With more than 1,800,000 of Pennsylvania's school-age children attending public schools, it's hard to imagine a time when "common schools" were a matter of great controversy. Yet the struggle to provide free public education to all Pennsylvania children began with the writing of William Penn's "great law" and did not end until 1837 when the system finally found a strong foothold.
Penn initiated the idea of free education for the poor in 1682. Little was done, however, to make this vision become reality. Education in the colonial period was predominantly the domain of religious institutions and other private sources. There was little interest in subsidizing education for those of limited means.
The Pennsylvania Constitution of 1790 took a pro-active approach in this matter and demanded that schools be established throughout the state "in such a manner that the poor may be taught gratis." An act providing for this education was passed in 1804 and said that while the poor would be educated for free, those with the means to pay were required to do so. An 1809 amendment provided a method by which the county treasurer would pay for educating the poor by means of collecting taxes. These acts were received with contempt by both prospective tax-payers, and by less fortunate families who didn't want the stigma of being labeled "poor."
There were, in fact, many reasons why early Pennsylvanians fought the establishment of common schools. A sparse population in many areas of the state made the formation of some schools burdensome if not impossible. Germans were particularly opposed to common schools out of fear that the English language would become commonly accepted, eliminating the use of their native tongue. Closed religious sects such as the Amish felt that childrens' education should solely be provided by the church. This feeling was shared by Catholics, Episcopalians, and Quakers.
By contrast, Presbyterians, Baptists, and Methodists supported public schools, as did New England immigrants who were accustomed to public education.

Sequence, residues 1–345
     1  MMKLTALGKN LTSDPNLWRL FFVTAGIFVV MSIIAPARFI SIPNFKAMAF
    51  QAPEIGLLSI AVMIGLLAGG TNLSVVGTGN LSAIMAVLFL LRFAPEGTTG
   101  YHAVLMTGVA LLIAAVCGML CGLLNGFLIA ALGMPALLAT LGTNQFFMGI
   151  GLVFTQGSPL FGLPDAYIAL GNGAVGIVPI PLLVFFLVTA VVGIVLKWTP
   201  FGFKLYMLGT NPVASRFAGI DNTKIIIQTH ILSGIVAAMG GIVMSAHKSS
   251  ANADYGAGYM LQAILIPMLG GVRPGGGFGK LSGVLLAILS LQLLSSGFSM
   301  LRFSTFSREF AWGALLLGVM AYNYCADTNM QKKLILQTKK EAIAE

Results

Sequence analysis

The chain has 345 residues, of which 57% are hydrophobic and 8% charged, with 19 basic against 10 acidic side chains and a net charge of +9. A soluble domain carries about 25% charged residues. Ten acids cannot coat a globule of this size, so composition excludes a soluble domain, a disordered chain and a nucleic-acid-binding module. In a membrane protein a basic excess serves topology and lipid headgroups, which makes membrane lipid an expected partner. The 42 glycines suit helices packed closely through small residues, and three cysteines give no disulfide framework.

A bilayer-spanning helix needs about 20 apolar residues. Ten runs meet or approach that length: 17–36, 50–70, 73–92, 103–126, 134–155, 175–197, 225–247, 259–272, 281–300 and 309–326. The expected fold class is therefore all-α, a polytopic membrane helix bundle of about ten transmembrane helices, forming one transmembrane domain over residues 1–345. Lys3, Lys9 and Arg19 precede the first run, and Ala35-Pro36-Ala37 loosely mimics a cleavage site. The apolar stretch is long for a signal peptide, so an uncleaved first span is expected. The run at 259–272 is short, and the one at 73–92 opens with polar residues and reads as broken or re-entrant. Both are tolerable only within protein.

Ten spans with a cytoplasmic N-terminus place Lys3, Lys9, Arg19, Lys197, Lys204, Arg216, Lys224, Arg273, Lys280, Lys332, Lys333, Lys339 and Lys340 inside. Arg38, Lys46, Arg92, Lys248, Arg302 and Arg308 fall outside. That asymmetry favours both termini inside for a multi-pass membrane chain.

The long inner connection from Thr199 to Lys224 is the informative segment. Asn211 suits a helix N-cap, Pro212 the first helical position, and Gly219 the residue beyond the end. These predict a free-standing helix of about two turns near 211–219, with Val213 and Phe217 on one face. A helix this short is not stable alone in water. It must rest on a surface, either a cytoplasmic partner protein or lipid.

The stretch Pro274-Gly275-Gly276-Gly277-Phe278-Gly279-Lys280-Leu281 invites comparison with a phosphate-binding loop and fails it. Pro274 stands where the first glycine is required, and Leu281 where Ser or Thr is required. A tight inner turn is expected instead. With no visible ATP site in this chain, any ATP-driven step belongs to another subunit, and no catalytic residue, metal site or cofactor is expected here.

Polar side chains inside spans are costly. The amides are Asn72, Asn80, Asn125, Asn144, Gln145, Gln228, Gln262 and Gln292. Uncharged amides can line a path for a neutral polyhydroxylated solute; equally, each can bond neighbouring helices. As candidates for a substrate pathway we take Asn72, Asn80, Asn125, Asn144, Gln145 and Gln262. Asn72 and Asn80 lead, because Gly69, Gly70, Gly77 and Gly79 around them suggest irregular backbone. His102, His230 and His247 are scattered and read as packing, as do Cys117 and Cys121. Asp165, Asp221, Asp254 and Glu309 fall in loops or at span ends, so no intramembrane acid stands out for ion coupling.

By 1831 Pennsylvania was the only northern state without a comprehensive school system. Governor George Wolf, an advocate of common schools, told the legislature that of the state's 400,000 school-age children, only 150,000 were attending school. It was clear that the issue required a broader legislative mandate if the idea of common schools was to succeed. The "School Act of 1834" provided that authority while still allowing residents of individual school districts to vote to adopt its requirements. Only about half of Pennsylvania's nearly 1,000 school districts promptly voted to come under the provisions of the act. By early 1837, about three-quarters had accepted the measure.
The School Act of 1834 created bitter fighting across the state. It was favorably received in the northern and western counties. The southern and central counties, however, strongly opposed. Cities generally favored the law as did organized working men looking to insure that their children would have the opportunities education afforded.
The levying of school taxes only angered more the opponents of common schools, but these taxes finally enabled the completion of a statewide system of public education. Yet remaining was the need to staff schools with professional, properly trained teachers.
1854 saw the first "normal schools," institutions devoted to the training of teachers. The "Normal School Act of 1857" divided the state into twelve normal school districts. It also authorized private individuals to open normal schools. The system of private ownership proved unsuccessful, however. To attract students (and their tuition fees) entrepreneurs lowered scholastic standards and ignored entrance requirements. In 1911 the state began purchasing normal schools and the basis for admission gradually rose to college standards.
There were other challenges in the history of public education in Pennsylvania: the resistance to compulsory attendance; the movement to make high school education as accessible as that provided at the common school level; and the efforts to create teachers' unions. It was, however, the fight for common schools that first made education a valued right, and made the occupation of "common school teacher" a profession of which one could be proud. ~SH